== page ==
Consider first finding the expected value of the sample mean. This calculation is fairly straightforward, so we are going to go through it. Here we are going to assume that our data is distributed: \[x_i \sim iid\mathcal{N}(\mu,\sigma^2)\;\text{where}\;i=1,\dots,n\] Begin by adding the definition of the sample mean: \[\text{E}\begin{bmatrix}\overline{x}\end{bmatrix} = \text{E}\begin{bmatrix}n^{-1}\sum_{i=1}^n x_i\end{bmatrix} \] Now we are going to use the properties of expected value to simplify the calculation. We can take constant terms like \(n^{-1}\) outside of the expected value: \[\text{E}\begin{bmatrix}\overline{x}\end{bmatrix} = n^{-1}\text{E}\begin{bmatrix}\sum_{i=1}^n x_i\end{bmatrix}\] Similarly, we can distributed our expected value over the sum because expected value is just and integral and we can do either summation first: \[\text{E}\begin{bmatrix}\overline{x}\end{bmatrix} = n^{-1}\sum_{i=1}^n \text{E}\begin{bmatrix}x_i\end{bmatrix} \] Now, because we made an assumption about the initial distribution of the data (that every observation has mean \(\mu\)), we can calculate the total expectation: \[\text{E}\begin{bmatrix}\overline{x}\end{bmatrix} = n^{-1}\sum_{i=1}^n \mu = \mu\] We end up with the sum of \(n\) copies of \(\mu\) and we are dividing the result by \(n\) which gives us \(\mu\). Hence we can say that the expected value of the sample mean is the population mean or \[\text{E}\begin{bmatrix}\overline{x}\end{bmatrix} = \mu\] Variance of the sample mean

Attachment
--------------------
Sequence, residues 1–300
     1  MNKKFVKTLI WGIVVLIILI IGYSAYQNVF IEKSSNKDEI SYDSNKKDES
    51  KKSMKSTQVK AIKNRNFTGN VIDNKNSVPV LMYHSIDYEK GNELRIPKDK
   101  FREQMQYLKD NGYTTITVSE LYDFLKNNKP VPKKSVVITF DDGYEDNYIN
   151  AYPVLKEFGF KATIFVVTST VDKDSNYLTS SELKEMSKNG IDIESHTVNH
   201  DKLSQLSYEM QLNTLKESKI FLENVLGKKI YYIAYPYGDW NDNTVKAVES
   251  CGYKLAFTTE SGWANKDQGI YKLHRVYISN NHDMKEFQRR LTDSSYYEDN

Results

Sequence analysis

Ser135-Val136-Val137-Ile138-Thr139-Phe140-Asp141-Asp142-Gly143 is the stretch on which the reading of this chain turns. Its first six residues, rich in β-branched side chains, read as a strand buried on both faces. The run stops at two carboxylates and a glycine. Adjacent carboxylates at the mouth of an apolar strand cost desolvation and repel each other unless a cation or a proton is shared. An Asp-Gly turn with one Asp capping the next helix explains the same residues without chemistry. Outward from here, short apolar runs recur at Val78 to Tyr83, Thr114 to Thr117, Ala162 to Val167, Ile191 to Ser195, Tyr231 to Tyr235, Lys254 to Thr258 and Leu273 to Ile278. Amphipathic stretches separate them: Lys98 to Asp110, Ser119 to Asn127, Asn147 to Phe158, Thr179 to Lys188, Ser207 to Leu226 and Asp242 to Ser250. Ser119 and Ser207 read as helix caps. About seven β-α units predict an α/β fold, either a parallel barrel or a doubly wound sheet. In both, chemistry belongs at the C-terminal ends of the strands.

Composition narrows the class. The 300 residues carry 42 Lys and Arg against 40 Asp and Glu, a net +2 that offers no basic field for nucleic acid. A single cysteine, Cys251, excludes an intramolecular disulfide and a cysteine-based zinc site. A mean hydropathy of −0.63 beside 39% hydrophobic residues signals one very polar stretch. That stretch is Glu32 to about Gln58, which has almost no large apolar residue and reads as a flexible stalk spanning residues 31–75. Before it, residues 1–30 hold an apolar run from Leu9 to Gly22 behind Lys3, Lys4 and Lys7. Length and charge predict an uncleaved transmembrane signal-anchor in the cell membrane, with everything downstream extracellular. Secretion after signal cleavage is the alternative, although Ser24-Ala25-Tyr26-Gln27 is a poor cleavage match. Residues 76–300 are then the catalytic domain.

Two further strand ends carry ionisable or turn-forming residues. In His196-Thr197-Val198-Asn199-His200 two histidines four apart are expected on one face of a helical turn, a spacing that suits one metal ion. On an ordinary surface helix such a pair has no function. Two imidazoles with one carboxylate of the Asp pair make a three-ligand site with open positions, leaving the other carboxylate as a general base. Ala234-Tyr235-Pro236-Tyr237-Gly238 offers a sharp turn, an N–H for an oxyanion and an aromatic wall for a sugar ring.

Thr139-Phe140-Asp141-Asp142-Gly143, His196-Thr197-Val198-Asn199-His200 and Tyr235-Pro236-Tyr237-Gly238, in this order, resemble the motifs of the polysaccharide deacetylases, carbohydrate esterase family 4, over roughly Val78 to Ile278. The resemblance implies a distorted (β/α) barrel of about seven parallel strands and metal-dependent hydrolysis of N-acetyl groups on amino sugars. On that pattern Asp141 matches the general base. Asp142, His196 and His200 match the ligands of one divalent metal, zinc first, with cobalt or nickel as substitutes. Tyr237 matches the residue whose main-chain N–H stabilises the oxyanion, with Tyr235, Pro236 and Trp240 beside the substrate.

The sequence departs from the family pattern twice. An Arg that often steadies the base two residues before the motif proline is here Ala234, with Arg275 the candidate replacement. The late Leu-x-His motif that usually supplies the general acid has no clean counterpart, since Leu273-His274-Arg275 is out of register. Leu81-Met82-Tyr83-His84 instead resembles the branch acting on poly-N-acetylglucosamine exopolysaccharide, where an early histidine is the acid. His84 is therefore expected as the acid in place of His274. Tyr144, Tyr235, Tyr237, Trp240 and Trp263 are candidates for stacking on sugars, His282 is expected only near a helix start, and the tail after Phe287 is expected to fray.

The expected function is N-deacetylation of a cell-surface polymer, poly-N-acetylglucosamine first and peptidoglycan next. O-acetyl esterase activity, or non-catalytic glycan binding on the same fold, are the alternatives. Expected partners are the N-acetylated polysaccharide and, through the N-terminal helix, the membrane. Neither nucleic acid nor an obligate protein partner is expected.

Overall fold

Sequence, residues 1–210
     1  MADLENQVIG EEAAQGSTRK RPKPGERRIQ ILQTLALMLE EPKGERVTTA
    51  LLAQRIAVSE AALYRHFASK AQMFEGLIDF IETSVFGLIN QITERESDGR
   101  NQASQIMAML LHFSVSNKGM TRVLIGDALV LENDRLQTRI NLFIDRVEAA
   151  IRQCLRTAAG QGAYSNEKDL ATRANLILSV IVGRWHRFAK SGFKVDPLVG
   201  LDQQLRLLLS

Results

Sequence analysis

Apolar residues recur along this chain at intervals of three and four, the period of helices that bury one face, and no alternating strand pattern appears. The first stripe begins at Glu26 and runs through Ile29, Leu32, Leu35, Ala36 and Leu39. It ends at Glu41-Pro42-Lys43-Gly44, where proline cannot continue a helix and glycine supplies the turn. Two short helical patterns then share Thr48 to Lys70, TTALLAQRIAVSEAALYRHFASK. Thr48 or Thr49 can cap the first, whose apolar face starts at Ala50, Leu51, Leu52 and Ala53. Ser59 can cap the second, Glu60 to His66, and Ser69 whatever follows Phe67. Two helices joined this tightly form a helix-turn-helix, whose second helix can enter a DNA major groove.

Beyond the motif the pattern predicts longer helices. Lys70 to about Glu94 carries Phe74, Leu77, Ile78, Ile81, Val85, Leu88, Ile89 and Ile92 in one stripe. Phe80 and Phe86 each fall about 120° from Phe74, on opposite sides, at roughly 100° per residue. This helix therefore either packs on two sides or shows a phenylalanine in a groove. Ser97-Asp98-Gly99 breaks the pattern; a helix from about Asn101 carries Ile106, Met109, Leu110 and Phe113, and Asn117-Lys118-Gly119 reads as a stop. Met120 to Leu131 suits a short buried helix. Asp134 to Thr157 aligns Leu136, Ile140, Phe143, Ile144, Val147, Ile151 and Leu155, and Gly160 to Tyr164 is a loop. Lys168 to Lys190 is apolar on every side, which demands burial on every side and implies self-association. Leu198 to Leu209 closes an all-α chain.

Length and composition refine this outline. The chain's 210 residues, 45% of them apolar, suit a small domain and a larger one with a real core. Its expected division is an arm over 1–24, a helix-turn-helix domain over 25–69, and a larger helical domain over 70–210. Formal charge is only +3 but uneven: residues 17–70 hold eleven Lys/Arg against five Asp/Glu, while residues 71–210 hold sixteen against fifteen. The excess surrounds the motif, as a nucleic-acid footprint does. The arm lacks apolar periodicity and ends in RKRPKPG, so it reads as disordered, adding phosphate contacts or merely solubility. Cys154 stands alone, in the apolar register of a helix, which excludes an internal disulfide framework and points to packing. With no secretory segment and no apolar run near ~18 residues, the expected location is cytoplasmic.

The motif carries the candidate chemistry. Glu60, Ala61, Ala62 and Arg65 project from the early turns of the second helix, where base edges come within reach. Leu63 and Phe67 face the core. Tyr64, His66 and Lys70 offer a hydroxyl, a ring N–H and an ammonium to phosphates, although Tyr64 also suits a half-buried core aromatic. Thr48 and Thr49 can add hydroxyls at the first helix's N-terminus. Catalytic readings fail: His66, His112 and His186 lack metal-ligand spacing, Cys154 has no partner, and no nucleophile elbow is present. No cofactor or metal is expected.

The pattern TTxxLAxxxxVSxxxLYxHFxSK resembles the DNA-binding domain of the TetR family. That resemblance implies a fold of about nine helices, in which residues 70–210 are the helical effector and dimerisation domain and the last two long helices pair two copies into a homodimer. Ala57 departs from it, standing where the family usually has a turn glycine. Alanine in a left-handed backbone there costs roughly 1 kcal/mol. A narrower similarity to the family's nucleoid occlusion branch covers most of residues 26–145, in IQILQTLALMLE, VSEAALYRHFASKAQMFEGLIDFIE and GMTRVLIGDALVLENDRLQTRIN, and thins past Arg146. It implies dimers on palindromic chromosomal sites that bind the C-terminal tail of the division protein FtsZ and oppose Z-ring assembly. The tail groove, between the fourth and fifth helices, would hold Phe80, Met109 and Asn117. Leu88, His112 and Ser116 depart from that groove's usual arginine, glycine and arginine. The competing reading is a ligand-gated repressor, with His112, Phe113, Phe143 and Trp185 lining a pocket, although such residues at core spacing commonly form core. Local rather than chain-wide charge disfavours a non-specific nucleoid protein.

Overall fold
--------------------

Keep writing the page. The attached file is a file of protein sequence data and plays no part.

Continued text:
The variance of the sample mean is a bit more difficult, but so that we are comfortable working with probability models, we are going to calculate it as well. Again we assume that the data is distributed: \(x_i \sim iid\mathcal{N}(\mu,\sigma^2)\) where \(i=1,\dots,n\). Let’s begin with the definition of variance: \[\text{Var}\begin{bmatrix}\overline{x}\end{bmatrix} = \text{E}\begin{bmatrix}\begin{pmatrix}\overline x-\text{E}\begin{bmatrix}\overline x\end{bmatrix}\end{pmatrix}^2\end{bmatrix}\] So we need to use the expected value of the sample mean in our calculation: \[\text{Var}\begin{bmatrix}\overline{x}\end{bmatrix} = \text{E}\begin{bmatrix}\begin{pmatrix}\overline x-\mu\end{pmatrix}^2\end{bmatrix}\] Now we cannot reduce this further without using the definition of the sample mean, so we will insert that. We can then combine that with the \(\mu\) term by multiplying by \(n^{-1}\) and summing \(n\) times: \[\text{Var}\begin{bmatrix}\overline{x}\end{bmatrix} = \text{E}\begin{bmatrix}\begin{pmatrix}n^{-1}\sum_{i=1}^n (x_i-\mu)\end{pmatrix}^2\end{bmatrix} \] This is where things get more complicated. When you have a sum which is then squared, you cannot distribute the squared term because of the binomial expansion, i.e., \((A+B)^2\neq A^2+B^2\). This means that we have to separate the square into two separate sums: \[\text{Var}\begin{bmatrix}\overline{x}\end{bmatrix} = n^{-2}\text{E}\begin{bmatrix}\sum_{i=1}^n\sum_{j=1}^n (x_i-\mu)(x_j-\mu)\end{bmatrix} \] Now we notice that inside our double sum, we find the covariance between \(x_i\) and \(x_j\): \[\text{Var}\begin{bmatrix}\overline{x}\end{bmatrix} = n^{-2}\sum_{i=1}^n\sum_{j=1}^n Cov(x_i,x_j)\] This is extremely convenient because we know that if \(i\neq j\) then the covariance is \(0\) because \(i\) and \(j\) are independent. This eliminates all the terms where \(i\) is not the same as \(j\). So how many terms do we have where \(i\) and \(j\) are equal? The answer is that we have \(n\) of those terms. When \(i=j\), \(\text{Cov}[x_i,x_i]=\text{Var}[x_i]=\sigma^2\), so we find: \[\text{Var}\begin{bmatrix}\overline{x}\end{bmatrix} = n^{-2}\sum_{i=1}^n Var(x_i) = \frac{\sigma^2}{n}\] Or simply \(\text{Var}\begin{bmatrix}\overline{x}\end{bmatrix} =\sigma^2/n\). Notice that this is different from the population variance. This variance approaches \(0\) as \(n\rightarrow\infty\). This leads us to the idea of convergence in probability. Convergence in probability